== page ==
Like Congressman John Murtha (D-PA) and retired Army Lieutenant General William Odom, the former director of the National Security Agency, Barry Posen is right when he says that the United States must withdraw its military forces from Iraq. The reasons that they give are similar; the three plans differ only in the specific timetable for withdrawal. Murtha and Odom want us to get out as soon as possible, which Murtha indicates should be in about six months. Posen favors an 18-month time frame. But taking out our troops in 24 months would give us a better chance of safeguarding American interests in the region. We all agree that the United States should retain a presence in the region to manage threats to American security. Posen sees the greatest threat as conventional aggression. American power should also be used against any foreign terrorist camps or enclaves that emerge. While we need to ensure that Iraq is not invaded by Iran or Turkey, we must also ensure that Iraq does not become another Afghanistan.

Posen would keep American forces over the horizon, presumably Marines on Navy ships, and have the Special Operations Command retain relationships with their Iraqi counterparts. We would go further. Like Murtha, we would leave quick-reaction ground troops in the region. (Our preference would be Kuwait.) Moreover, we would keep a small group of Special Operations forces on the ground in Iraq to work closely with Iraqi forces to combat homegrown and foreign insurgents.

Redeploying our forces from Iraq will be only part of the withdrawal strategy. As Posen correctly points out, the diplomacy of disengagement is also critical. He would have the United States remind others in the region of its enduring interests in the Persian Gulf. We would also remind these countries of our common interest in a stable Iraq and launch a diplomatic initiative to create a cooperative security network aimed at securing Iraq’s borders and taking down terrorist networks. Since 77 percent of region’s population believe that the war has made the Iraqis worse off, they will likely support withdrawal and work with us to prevent the situation in Iraq from deteriorating to such an extent that it destabilizes the region.

While we disagree on the details of how to implement what we call strategic redeployment—a policy Bush and his supporters caricature as cut and run—we agree on the main justifications: as our military commanders in the region note, the war cannot be won militarily, and the continued presence of large numbers of American troops in Iraq is making the insurgency worse and undermining American security. As Murtha put it so plainly, “Continued military action in Iraq is not in the best interests of the United States of America, the Iraqi people, or the Persian Gulf region.”

Setting a timetable for American disengagement is also in the interest of the Iraqi people. As long as Iraqi leaders feel that the United States will remain there in large numbers indefinitely, they will have no incentive to get their acts together. Posen notes that they will not be motivated to make the painful political compromises necessary to create a unified Iraq, nor will Iraq’s security forces grow in capability as long as they expect U.S. forces to bail them out. The issue with the Iraqi security forces is no longer training; it is motivation. As Senator John Warner (R-VA), the chairman of the Senate Arms Services Committee, noted during the recent Senate debate on withdrawal, “We have done our share. Now the challenge is up to you [the Iraqi people].” Moreover, our prolonged heavy involvement in Iraq is damaging our overall security. Odom calls it the greatest strategic disaster in American history. Posen notes that U.S. military power has other roles to play. We believe that the United States needs to send 20,000 troops that would have been deployed to Iraq to Afghanistan to stabilize that country. We agree with Murtha that the prolonged occupation is damaging our ground forces, particularly the all-volunteer Army.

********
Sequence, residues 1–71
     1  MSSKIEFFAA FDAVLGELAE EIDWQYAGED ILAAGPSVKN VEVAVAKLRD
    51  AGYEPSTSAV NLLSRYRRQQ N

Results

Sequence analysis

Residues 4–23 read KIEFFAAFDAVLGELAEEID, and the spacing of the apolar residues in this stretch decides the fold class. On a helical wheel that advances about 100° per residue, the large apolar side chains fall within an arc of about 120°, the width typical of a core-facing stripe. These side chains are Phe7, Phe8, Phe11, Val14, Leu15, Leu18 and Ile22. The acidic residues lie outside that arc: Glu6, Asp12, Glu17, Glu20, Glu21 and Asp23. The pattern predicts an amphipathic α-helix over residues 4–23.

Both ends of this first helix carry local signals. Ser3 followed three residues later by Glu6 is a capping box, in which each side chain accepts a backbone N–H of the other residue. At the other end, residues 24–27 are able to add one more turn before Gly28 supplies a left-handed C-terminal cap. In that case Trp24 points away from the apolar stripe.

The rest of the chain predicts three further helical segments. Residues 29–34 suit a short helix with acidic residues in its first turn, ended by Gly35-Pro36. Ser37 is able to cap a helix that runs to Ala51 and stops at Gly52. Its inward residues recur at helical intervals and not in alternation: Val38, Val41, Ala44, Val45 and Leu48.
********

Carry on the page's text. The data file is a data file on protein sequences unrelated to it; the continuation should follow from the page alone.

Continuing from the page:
Critics argue that an American withdrawal might precipitate a civil war, that Iraq could become a haven for terrorists, and that setting a timetable will only encourage the terrorists to wait us out. While we cannot know for certain what will happen when we leave, announcing a timetable will likely lessen the chances of these doomsday scenarios coming to pass. More than 80 percent of Iraqis want us to leave, and nearly half of Iraqis believe it is acceptable to kill American troops. Therefore, when the United States announces a specific timetable for withdrawal, support for the insurgents—particularly those from other countries—will diminish. And as we all agree, what Posen calls a muted civil war has already started. The presence of U.S. forces in the region, plus our diplomatic initiative, would prevent Iraq from becoming the victim of either conventional or unconventional attacks.

The Bush administration’s numerous mistakes—sending too few troops, failing to provide them with proper guidance and equipment, and frequently changing the strategy for Iraq’s political transition and reconstruction—have left us with no good options. Posen may be right when he says that disengagement will most likely result in a stalemate. While that may be less than a perfect outcome, it is far better than the disaster that awaits us if we stay the course.